My job as natural resources manager, I brought forth a committee of individuals that worked closely with the land, that said if we did this planting here, this species would be encouraged to thrive.  Salamanders for example, they are a species that is easy to carry out these projects for.  If we encouraged a vernal pool in this location we are going to get really great habitat for salamander and I think they (The Farm as a Company) would ask in response for the cost.  I would respond with all we have to do is put a burm right there and I can do that with a tractor and it wouldn’t really cost anything, they would be all for it.  But if I told them I’ll need a fill and this and that, it would be a much more difficult decision to make.  I think it depends that if it isn’t something that we are not trying to force too much and it kind of…I mean if we do need to force it, it is a bigger conversation.   The bigger the deal the more money it would be to get whatever habitat we needed to make for a species then the bigger a conversation it is, but the smaller the thing, like putting some logs down for the salamanders, they would hang out underneath them.  As the natural resource manager, a small project like that wouldn’t require me to talk to anyone about that, I could just do that myself.

Response to The Interview

      My decision of interviewing Natural Resources Manager Dana Bishop came about because I felt Shelburne Farms, though not entirely a full production working farm in the way we would think of a working farm, had a uniqueness to it in terms of how many outsiders they had visiting their farm on a regular basis.  The farm still does produce products such as dairy, cheese, maple syrup, and other commodities.  Their primary form of business is tourism and educating for sustainability as their motto goes, “Cultivating a conservation ethic for a sustainable future”. I felt that getting the farms opinion on rewilding would allow me to see some of the potential social issues that may come up with rewilding on a farm that sees a lot human traffic.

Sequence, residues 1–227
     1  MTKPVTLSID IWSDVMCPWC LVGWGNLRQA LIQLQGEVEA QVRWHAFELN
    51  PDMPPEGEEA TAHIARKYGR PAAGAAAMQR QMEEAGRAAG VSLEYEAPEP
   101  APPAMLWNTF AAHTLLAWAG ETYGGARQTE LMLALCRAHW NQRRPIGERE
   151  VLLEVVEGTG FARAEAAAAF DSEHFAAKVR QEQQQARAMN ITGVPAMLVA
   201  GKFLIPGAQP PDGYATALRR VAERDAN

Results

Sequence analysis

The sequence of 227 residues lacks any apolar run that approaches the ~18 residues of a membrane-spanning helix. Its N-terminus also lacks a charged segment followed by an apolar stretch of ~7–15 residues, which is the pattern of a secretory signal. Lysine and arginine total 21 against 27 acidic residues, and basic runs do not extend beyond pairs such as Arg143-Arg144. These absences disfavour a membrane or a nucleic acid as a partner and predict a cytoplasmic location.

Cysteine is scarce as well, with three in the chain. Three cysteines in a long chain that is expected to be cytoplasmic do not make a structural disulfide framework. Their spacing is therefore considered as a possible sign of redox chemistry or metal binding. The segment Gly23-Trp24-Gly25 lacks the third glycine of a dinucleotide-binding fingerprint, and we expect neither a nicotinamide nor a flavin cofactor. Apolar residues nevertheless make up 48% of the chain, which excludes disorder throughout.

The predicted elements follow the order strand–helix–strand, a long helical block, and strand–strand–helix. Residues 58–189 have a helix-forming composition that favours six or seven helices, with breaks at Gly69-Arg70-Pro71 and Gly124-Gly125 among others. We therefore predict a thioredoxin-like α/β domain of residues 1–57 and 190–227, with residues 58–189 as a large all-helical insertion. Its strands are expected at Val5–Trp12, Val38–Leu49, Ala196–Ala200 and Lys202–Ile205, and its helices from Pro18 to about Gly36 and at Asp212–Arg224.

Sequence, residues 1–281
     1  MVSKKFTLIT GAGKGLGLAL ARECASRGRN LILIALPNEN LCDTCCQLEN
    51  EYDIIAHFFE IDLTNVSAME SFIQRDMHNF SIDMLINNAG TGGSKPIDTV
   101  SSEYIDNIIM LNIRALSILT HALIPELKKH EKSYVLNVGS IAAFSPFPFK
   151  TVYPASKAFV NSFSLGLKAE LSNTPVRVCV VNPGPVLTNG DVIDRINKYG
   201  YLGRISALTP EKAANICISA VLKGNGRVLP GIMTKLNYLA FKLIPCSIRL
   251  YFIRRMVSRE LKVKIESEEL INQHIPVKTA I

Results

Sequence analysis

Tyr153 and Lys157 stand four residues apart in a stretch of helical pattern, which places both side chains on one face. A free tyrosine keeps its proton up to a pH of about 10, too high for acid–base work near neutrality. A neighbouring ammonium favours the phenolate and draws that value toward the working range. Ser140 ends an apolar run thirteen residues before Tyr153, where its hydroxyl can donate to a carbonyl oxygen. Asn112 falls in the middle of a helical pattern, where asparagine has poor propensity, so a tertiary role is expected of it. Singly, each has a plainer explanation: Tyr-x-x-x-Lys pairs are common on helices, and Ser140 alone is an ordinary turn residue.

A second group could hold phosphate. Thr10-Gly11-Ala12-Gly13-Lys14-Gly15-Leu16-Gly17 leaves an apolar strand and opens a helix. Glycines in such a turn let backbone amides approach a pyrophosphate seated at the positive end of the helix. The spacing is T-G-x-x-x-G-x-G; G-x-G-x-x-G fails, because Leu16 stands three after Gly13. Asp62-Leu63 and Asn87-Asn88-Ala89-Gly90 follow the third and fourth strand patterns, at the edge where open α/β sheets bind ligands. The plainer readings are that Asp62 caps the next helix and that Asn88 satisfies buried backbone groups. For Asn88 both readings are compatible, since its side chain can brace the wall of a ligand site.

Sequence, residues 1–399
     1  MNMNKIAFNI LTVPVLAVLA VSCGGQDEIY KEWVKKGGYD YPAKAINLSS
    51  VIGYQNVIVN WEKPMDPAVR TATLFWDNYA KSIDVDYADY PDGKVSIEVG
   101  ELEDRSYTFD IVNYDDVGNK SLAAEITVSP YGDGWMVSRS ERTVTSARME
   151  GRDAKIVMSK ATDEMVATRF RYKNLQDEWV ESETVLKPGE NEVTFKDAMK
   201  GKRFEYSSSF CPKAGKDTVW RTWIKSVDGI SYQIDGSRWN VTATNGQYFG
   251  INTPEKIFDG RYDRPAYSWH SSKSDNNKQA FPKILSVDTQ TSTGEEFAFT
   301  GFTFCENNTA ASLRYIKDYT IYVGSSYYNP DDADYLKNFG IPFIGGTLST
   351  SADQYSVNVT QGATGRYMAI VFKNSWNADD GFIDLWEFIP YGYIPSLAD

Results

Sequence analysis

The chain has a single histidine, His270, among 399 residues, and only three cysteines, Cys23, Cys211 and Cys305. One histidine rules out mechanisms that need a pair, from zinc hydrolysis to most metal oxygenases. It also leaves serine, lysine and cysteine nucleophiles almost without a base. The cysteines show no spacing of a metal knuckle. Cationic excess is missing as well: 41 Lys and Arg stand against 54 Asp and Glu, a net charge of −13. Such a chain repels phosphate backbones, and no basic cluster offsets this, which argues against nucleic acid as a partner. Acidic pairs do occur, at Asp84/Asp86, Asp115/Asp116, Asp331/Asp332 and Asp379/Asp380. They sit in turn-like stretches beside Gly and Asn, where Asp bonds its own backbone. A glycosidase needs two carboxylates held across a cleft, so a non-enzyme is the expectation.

Overall throughout the interview I found that rewilding is accepted on the farm, so long as they are able to financially accommodate such projects.  On the farm, Dana says that as an Agricultural establishment, they understand the importance of conservation and are more than willing to do what they can to the best of their ability and can financially accommodate.  Though Dana made it clear that she as the natural resources manager would never force a species onto the property, just to draw in tourists.  Unfortunately the farms landscape is quite patchy due to its intense agricultural past.  The farm currently does see its fair share of wildlife, deers for example have been thriving on the land, so well that a bow hunt was established in 2000 to control the population on the property.

Image obtained from

Corridor Example Image obtained from

     The farm has been trying its best to rewild the property in terms of the wildlife by incorporating more connectivity between the woodlands that have established on the property, but Dana states this can sometimes be a challenge with the dairy manager who also uses the land to graze his cattle.  Usually what comes as a result of this is Dana is given land that is unfavorable, in which she turns into corridors allowing safe travel for the wildlife that roams the land.  Overall Dana did feel that Shelburne Farms would encourage wildlife so long as their land could support it because of the many benefits the farm’s ecosystem would obtain, but it will also allow many of those that use the farm as an education tool to become more in tuned with the wildlife as well, as more habitat would equate to a richer amount of wildlife.

     All in all I felt Shelburne farms was a prime example of some of the problems that a farm faces as it welcomes the rewilding ideology.  For instance not having the resources to carry rewilding out completely without sacrificing financial production.  For what resources that they do have at hand, I feel Shelburne farms is doing fine in incorporating ecological design that allows them and the local wildlife to be intertwined.  Regardless of the fact that they are financially and restricted in terms of size, they make little steps in welcoming the species that share the land with them.They set an example to other agricultural establishments, showing the little things that can be done without completely sacrificing production.

Aerial Shot of the Landscape of Shelburne Farms Via Google Map

Aerial Shot of the Landscape of Shelburne Farms Via Google Map


-John Truong